As an Agribusiness, you understand just how important an effective irrigation system is to a farm’s success. Across the United States, farmers use different systems of irrigation for different fields. And to fully understand their operational needs, you need to better understand their irrigation system.
DTN supports your agribusiness with our irrigation data that provides deeper insights for better understanding and serving your farmer customers.
For decades, people have used remote sensing to evaluate irrigated areas. We take that a step further to both identify and classify farmers’ irrigation systems on a field-by-field basis. Learn more about how we conduct this analysis to provide you with better insights into the farmers you serve.
How the Process Works
We build our irrigation data using remote sensing and maps to place land into four irrigation categories:
- Pivot irrigation
- Non-pivot sprinkler
- Other irrigation (flood, micro, etc.)
For our purposes, irrigated land is defined as cultivated crop locations receiving application of water means to offset precipitation shortfalls during the growing season. This definition includes water sources like surface and groundwater deliveries — as long as human intervention is involved in moving the water.
Determining irrigation criteria relies on several measures. First and foremost is the availability of water resources and their interaction with vegetation. We also include climate, resource availability, crop patterns, and technical expertise in our data collection.
The graphic below explains exactly how all this data fits together in the analysis:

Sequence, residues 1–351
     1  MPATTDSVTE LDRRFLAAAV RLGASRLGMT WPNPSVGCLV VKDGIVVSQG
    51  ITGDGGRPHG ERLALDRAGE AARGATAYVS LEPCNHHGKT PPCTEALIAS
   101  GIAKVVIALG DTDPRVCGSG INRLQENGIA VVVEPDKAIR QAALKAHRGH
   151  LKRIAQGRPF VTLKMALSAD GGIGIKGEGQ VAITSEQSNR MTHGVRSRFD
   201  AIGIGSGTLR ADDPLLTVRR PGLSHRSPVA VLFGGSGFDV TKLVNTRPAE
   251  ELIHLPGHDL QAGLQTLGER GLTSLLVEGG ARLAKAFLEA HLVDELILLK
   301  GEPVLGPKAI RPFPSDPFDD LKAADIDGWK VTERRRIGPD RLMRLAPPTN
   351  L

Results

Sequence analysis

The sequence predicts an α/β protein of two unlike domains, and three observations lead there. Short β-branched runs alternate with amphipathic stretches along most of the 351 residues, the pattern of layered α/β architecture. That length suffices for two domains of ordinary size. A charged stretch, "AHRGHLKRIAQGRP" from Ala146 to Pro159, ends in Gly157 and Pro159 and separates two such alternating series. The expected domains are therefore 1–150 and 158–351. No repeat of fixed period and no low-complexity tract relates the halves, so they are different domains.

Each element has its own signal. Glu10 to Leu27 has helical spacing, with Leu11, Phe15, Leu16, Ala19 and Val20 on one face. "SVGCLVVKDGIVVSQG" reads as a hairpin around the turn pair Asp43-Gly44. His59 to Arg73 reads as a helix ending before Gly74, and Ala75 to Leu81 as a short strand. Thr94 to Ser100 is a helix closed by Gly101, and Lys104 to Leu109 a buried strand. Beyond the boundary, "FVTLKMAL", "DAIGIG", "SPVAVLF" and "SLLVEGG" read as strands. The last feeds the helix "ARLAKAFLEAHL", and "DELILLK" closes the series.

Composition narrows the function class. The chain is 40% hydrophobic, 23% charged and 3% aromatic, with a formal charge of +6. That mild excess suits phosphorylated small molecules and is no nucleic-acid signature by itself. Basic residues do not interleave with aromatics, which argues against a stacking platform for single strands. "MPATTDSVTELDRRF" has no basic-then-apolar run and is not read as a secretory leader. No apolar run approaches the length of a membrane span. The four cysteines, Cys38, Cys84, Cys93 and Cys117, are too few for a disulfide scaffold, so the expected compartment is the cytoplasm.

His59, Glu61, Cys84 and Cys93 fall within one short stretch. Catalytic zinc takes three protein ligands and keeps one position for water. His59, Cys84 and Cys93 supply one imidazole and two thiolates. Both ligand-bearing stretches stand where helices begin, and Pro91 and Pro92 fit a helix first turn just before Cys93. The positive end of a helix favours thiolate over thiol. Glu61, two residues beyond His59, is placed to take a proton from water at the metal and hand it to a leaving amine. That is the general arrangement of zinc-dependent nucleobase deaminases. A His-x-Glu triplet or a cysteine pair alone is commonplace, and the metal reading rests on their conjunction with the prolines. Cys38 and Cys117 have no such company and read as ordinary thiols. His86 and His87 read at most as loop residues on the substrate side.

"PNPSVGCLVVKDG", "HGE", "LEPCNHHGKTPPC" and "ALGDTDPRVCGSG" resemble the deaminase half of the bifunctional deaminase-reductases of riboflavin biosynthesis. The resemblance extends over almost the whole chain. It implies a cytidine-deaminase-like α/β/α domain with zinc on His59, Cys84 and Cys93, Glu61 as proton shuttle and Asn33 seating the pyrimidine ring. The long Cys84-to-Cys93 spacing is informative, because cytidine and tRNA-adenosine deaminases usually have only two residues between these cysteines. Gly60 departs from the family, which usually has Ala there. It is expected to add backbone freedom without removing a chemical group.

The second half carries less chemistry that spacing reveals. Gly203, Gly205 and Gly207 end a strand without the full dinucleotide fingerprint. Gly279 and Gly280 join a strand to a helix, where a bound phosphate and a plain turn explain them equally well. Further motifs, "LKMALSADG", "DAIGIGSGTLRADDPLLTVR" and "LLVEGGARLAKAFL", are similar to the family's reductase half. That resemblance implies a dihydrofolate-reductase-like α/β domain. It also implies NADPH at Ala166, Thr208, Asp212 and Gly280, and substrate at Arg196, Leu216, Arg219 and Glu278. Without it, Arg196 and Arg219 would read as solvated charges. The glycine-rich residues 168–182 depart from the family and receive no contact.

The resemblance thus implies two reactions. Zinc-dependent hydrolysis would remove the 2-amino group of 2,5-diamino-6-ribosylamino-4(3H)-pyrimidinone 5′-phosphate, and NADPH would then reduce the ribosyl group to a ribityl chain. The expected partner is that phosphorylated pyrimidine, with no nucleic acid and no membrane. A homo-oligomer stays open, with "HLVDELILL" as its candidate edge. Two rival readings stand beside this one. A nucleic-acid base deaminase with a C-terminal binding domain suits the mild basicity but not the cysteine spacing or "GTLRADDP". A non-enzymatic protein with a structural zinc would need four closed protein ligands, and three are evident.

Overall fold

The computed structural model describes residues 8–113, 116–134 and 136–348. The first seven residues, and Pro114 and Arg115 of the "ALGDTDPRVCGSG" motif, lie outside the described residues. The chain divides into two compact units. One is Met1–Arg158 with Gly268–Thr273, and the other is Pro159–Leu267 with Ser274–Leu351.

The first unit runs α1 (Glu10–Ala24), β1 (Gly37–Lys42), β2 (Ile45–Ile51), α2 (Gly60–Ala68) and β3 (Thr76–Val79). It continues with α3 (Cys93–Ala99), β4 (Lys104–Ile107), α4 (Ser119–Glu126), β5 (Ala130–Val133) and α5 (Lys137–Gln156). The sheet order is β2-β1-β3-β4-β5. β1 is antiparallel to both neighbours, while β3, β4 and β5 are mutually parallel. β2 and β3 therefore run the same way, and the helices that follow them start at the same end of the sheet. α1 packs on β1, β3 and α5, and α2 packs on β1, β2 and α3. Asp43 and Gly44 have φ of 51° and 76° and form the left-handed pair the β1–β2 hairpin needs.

The model relies heavily on monitoring changes in vegetation indices throughout the growing season. We specifically analyze this data during periods of rain and dryness.
It’s crucial that the timing of the image capture be precise. Precise timing helps to distinguish irrigated crops from each other and other land cover types.
This analysis helps detect vegetation activity over time through spectral (color) and temporal data. Spectral data examines vegetative growth, while temporal data helps us determine the rate of growth.
Identifying irrigated vs. non-irrigated fields
Our irrigation data model leverages a set of known data (referred to as a training data set) and sends it through a predictive model. Based on that training data, the model was able to determine and weigh key factors that indicate the irrigation status of a particular field.
Here are some things we have learned using that process:
- In general, irrigated fields have higher vegetation index values than non-irrigated fields
- Most irrigated fields have a low year-to-year variation in vegetation index due to climate dampening
We used a tree-based machine learning model — one widely used by the machine learning community — to separate irrigated from non-irrigated land.
In addition to classifying land by irrigation type, the model returned a confidence interval for each classification. Of course, as with any predictive model, it’s essential to test and refine the model to enhance its accuracy. In this case, the result is a cleaner and more accurate final irrigation map.
Finally, we evaluate the results and test them for accuracy in two ways:
- By using ground-truth observations to create a statistical estimate of the map’s accuracy; and
- By comparing area estimates made from the irrigation map with those reported by the USDA at the county level.
With the confidence that our data is accurate, we use this data in our applications to provide better insights to empower our clients. To learn more about how to access this data, contact our team here.